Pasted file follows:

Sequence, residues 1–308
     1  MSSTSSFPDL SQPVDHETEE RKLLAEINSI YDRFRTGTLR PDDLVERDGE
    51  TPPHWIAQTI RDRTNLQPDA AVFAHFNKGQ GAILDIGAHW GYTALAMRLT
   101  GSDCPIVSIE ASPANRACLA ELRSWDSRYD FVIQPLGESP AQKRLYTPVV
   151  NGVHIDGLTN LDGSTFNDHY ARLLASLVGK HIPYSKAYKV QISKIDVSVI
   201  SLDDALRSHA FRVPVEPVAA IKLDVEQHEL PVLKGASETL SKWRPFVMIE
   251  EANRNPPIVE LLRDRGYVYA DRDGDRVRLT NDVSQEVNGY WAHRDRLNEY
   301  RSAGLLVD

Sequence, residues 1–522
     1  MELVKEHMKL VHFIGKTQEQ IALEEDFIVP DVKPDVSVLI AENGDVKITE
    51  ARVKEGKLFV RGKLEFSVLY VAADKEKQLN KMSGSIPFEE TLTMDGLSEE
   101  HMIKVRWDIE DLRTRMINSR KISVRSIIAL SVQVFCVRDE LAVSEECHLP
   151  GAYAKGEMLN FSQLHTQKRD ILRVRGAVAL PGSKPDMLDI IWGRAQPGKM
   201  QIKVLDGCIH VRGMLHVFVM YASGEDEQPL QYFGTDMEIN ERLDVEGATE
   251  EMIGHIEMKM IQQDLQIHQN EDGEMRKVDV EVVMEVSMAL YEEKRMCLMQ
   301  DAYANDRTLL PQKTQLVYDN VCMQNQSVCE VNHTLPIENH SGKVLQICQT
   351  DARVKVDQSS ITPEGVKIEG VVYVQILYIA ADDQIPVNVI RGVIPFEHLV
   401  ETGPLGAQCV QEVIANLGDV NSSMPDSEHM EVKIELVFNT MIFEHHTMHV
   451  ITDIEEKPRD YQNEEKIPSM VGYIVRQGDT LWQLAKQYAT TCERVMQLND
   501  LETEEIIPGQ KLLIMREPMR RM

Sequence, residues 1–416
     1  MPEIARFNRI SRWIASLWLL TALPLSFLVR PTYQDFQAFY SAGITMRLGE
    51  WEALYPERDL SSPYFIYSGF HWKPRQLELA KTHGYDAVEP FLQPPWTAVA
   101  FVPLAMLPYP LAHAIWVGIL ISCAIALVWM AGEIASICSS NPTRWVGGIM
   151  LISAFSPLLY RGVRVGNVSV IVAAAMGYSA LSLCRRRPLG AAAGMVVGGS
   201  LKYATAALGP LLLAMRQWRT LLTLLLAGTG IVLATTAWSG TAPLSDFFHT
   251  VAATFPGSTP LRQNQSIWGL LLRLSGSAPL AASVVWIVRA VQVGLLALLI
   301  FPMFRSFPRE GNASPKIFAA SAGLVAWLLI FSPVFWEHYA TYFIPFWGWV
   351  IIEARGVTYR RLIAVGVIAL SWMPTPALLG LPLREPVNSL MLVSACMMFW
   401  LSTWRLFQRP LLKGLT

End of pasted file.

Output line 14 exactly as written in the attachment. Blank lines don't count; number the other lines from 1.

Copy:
   201  QIKVLDGCIH VRGMLHVFVM YASGEDEQPL QYFGTDMEIN ERLDVEGATE